A Lake's Response to Its Environmentby Robert O. Sylvester,
George C. Anderson,
Serial Information: Journal of the Sanitary Engineering Division, 1964, Vol. 90, Issue 1, Pg. 1-22
Document Type: Journal Paper
Green Lake in Seattle, Wash., was studied to find the causes underlying its heavy algae blooms and alleged condition of pollution so that its recreational potential might be realized. Data were obtained on urban runoff, lake shore runoff, subsurface inflow, algae populations, waterfowl, composition of sediments, effect of wind-induced currents on water quality, and requirements of competing recreational water uses. Water and nutrient budgets are presented. Nutrient additions sustain heavy algae blooms throughout most of the year, and little can be done to reduce these additions. Bacterial contamination is directly related to waterfowl populations. Changes in physical and chemical water quality are caused largely by algal growth and decay. Recommendations are given for the addition of low-nutrient city water for dilution purposes, for dredging, and for shoreline improvements. It is recommended that increased quantities of storm water not be added.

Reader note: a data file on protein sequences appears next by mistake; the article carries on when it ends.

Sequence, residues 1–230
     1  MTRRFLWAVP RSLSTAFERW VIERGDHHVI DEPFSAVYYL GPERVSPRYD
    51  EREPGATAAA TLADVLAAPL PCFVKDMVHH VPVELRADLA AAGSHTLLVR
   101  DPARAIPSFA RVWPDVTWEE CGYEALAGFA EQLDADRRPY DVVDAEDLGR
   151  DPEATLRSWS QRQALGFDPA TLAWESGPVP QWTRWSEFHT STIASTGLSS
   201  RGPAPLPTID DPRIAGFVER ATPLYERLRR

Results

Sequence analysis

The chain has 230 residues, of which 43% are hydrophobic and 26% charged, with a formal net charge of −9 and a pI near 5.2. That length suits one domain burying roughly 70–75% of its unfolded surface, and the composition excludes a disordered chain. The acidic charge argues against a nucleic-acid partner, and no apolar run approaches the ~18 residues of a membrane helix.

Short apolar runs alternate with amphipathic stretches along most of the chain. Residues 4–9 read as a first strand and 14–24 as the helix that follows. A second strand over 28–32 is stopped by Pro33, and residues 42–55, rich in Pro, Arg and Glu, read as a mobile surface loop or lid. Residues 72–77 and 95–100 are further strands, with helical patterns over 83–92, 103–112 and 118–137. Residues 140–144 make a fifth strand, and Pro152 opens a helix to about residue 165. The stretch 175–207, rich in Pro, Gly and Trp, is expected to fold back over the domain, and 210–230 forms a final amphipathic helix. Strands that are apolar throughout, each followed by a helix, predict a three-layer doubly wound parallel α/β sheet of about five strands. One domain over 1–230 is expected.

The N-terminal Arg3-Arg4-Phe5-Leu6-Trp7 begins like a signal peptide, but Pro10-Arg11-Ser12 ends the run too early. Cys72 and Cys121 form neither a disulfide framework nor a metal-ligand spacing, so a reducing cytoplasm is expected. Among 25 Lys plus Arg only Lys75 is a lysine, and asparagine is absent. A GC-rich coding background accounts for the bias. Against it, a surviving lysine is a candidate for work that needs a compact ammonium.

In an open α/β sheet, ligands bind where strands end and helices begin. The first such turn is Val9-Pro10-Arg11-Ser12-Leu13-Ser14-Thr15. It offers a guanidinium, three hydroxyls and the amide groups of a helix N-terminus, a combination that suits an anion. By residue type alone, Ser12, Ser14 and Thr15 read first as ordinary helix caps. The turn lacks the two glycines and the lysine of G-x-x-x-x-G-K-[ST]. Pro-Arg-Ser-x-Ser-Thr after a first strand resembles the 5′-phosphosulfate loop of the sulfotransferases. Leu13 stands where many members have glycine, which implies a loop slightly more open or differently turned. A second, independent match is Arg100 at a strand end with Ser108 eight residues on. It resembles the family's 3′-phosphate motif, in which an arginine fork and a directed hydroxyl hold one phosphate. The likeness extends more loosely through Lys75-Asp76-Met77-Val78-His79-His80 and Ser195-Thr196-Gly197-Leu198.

Subject Headings: Water quality | Water-based recreation | Vegetation | Nutrients | Lakes | Runoff | Pollution | Washington | North America | United States | Seattle
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